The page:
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I have firewalld working following the answer Firewalld does not start at boot.

I have hybrid-sleep working following How do I use pm-suspend-hybrid by default instead of pm-suspend?

However, if firewalld is active and I close the lid to initiate hybrid-sleep, then the system freezes with black screen. If I initiate normal sleep via power cog menu > Suspend then the computer suspends fine. I can also get the computer to hybrid-sleep if I stop the firewalld service before putting the computer to hybrid-sleep.

My computer is running Ubuntu 16.04.2 LTE with HWE.

My question is how do I prevent the conflict between firewallD and hybrid-sleep?

Thanks

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Update April 23, 2018: Fixing the root cause solves this problem

Root Cause

The service file - /lib/systemd/system/firewalld.service says firewalld conflict with ebtables.service which is enabled by default in Ubuntu 16.04.

Solution

Disable and mask ebtables.service with the following two commands:

sudo systemctl disable ebtables
sudo systemctl mask ebtables

This resolves the issue with FirewallD and hybrid-sleep and the associated problem of Firewalld does not start at boot

Thanks to alfred's answer to the above question

Original answer:

Stop firewalld before hybrid-sleep and start it at resume

Background

Put a bash script file in /lib/systemd/system-sleep/. Immediately before entering system suspend, hibernate, or hybrid-sleep the systemd-suspend.service (and the respective equivalents) will run the bash script in /lib/systemd/system-sleep/ and pass two arguments to them. The first argument will be pre, the second either suspend, hibernate, or hybrid-sleep depending on the chosen action.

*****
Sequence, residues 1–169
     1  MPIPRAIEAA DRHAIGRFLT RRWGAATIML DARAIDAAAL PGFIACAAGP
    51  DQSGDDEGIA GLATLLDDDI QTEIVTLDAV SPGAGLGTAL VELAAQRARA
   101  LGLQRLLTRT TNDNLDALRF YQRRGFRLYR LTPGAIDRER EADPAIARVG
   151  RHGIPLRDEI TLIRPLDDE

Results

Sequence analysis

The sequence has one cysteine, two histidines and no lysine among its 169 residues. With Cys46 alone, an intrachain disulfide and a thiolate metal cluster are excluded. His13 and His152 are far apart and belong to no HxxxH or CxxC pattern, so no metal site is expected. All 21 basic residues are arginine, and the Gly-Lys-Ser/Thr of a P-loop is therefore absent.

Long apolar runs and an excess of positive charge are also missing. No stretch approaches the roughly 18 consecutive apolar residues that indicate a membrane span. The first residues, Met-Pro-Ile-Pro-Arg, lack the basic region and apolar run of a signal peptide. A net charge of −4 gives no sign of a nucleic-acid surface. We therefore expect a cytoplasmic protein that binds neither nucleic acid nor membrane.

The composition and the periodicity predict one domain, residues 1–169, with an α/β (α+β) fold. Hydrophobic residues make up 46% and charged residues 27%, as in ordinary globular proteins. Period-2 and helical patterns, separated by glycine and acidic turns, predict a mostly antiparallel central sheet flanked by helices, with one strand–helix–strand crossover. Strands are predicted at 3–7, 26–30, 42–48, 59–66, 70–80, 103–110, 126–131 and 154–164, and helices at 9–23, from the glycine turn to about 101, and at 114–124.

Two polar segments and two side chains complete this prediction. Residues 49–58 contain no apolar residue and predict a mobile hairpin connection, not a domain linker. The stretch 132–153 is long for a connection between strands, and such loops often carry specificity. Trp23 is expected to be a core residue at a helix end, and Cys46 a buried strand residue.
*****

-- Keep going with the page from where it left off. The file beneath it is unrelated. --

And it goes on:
Immediately after leaving system suspend, hibernate or hybrid-sleep the same bash script is run, but the first argument is now post.

Source: https://www.freedesktop.org/software/systemd/man/systemd-suspend.service.html

How to do it:

Create a text file: /lib/systemd/system-sleep/firewalld-sleep.sh with the following content:

#!/bin/bash
case $1/$2 in
    pre/*)
    # Disable firewalld before hybrid-sleep
    systemctl stop firewalld.service    
    ;;
    post/*)
    # Enable firewalld after hybrid-sleep
    systemctl start firewalld.service
    ;;
esac

Make the file executable. See http://askubuntu.com/questions/484718/how-to-make-a-file-executable for details.

Note, the script stops the firewalld before any of the three types of sleep/hybernate/hybrid-sleep and starts it again at resume.

Now firewalld and hybrid-sleep will coexist and system will not freeze if you close the lid while firewalld is running.

Hope this helps

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